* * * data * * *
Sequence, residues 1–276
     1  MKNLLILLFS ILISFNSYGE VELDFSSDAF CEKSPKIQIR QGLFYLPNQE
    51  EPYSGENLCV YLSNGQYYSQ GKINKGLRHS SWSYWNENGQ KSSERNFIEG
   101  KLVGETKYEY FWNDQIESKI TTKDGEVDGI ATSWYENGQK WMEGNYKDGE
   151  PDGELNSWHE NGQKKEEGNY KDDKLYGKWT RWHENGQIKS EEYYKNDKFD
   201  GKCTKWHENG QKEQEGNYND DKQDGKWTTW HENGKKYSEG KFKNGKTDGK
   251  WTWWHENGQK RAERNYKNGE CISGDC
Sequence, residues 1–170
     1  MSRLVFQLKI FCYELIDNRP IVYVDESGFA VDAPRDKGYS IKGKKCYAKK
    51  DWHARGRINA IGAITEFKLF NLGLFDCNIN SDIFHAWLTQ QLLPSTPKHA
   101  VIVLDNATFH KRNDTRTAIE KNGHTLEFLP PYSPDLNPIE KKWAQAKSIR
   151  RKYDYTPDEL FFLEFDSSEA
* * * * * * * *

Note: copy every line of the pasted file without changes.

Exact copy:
Sequence, residues 1–276
     1  MKNLLILLFS ILISFNSYGE VELDFSSDAF CEKSPKIQIR QGLFYLPNQE
    51  EPYSGENLCV YLSNGQYYSQ GKINKGLRHS SWSYWNENGQ KSSERNFIEG
   101  KLVGETKYEY FWNDQIESKI TTKDGEVDGI ATSWYENGQK WMEGNYKDGE
   151  PDGELNSWHE NGQKKEEGNY KDDKLYGKWT RWHENGQIKS EEYYKNDKFD
   201  GKCTKWHENG QKEQEGNYND DKQDGKWTTW HENGKKYSEG KFKNGKTDGK
   251  WTWWHENGQK RAERNYKNGE CISGDC
Sequence, residues 1–170
     1  MSRLVFQLKI FCYELIDNRP IVYVDESGFA VDAPRDKGYS IKGKKCYAKK
    51  DWHARGRINA IGAITEFKLF NLGLFDCNIN SDIFHAWLTQ QLLPSTPKHA
   101  VIVLDNATFH KRNDTRTAIE KNGHTLEFLP PYSPDLNPIE KKWAQAKSIR
   151  RKYDYTPDEL FFLEFDSSEA